…One of Joab’s men stood near Amasa, and said, “Whoever favors Joab and whoever is for David–follow Joab!” 2 Samuel 20:11
Sheba’s Rebellion: 19:9-20:26. The civil war is not ended. The loyal men of Judah are furious with Israelite tribes. And the northerners are ashamed, desperately eager to demonstrate their loyalty. On the way back to Jerusalem, they quarrel over the honor of escorting David to his throne. When a “troublemaker” named Sheba shouts, in effect, “Let’s go home!” the Israelites desert David again! It takes no civil war to reestablish David now. Joab, his military commander, simply follows Sheba and sees to it he is killed.
The kingdom has been preserved. But the uneasy antagonism and exists between the north and south has been intensified. In another generation that antagonism will harden into permanent enmity.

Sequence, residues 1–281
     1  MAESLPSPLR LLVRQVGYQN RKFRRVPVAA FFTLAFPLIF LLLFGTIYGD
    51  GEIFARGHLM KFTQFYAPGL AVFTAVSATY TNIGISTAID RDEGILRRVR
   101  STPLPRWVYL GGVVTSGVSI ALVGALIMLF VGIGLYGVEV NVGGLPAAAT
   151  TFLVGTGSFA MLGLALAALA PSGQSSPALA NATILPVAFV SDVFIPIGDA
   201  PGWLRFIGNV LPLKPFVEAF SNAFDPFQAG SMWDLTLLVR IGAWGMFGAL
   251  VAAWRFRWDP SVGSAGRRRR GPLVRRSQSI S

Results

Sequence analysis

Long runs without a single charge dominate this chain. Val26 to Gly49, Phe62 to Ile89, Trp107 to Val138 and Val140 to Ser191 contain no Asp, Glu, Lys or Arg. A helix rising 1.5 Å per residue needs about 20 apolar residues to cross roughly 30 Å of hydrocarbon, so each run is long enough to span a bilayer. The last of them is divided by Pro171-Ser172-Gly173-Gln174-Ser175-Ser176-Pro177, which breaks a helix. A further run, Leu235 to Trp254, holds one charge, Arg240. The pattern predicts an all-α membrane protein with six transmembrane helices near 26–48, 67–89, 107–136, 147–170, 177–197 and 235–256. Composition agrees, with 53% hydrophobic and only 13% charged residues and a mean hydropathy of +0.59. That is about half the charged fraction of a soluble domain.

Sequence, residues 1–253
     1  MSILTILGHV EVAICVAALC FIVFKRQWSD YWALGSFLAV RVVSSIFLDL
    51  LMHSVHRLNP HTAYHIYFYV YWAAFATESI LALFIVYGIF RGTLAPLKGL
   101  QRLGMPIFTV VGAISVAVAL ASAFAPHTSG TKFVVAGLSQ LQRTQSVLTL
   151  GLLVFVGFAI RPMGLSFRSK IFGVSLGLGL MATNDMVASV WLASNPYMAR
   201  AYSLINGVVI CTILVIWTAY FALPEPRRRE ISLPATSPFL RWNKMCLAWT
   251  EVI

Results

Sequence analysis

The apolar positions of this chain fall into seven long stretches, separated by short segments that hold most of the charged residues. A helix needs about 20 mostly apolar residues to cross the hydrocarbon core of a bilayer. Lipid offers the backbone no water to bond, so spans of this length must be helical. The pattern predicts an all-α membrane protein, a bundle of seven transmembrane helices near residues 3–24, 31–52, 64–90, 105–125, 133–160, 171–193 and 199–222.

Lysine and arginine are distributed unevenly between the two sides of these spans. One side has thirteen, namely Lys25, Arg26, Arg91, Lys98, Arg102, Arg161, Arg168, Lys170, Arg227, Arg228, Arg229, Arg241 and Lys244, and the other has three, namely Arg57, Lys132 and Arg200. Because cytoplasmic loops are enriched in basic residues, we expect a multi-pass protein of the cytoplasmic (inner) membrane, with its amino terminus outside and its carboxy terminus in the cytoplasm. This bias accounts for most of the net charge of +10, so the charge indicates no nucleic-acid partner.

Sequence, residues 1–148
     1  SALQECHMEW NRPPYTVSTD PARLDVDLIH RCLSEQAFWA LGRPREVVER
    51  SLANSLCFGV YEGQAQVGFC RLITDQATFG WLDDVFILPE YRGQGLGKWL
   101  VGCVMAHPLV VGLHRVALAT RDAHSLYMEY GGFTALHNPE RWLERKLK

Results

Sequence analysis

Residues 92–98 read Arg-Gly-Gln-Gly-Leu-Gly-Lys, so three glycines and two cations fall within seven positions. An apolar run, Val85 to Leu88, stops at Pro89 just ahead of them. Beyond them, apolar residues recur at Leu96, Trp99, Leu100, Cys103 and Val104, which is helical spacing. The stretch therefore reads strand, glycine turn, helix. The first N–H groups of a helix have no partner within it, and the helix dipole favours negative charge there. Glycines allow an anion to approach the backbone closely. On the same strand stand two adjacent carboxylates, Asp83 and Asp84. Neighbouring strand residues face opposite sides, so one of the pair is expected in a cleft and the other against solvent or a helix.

20:4 Amasa who had commanded Absalom’s army had been offered Joab’s position as commander-in-chief of David’s army. He accepted the offer and was commissioned to put down Sheba’s rebellion.
20:5 But he delayed: Amasa’s delay in carrying out David’s order to gather forces against Sheba’s rebellion could have resulted in a disaster like that of Absalom’s revolt. Abishai, Joab’s older brother was enlisted to take command of the soldiers of Judah and putdown Sheba’s revolt. David knew that Sheba’s revolt was potentially more dangerous than Absalom’s, since Sheba’s rebellion was based on long-standing tribal animosity between Israel and Judah.
–> Amasa disobeyed with his delay. But, David did not order him to be killed. It seems that Joab had a tendency to act on his own while calling out King David’s name — he killed Abner, Absalom and Amasa without the king’s permission. Did he kill Amasa because his position of commander-in-chief was given to Amasa? We need to be careful not to act on our own and justify our actions by calling out God’s name.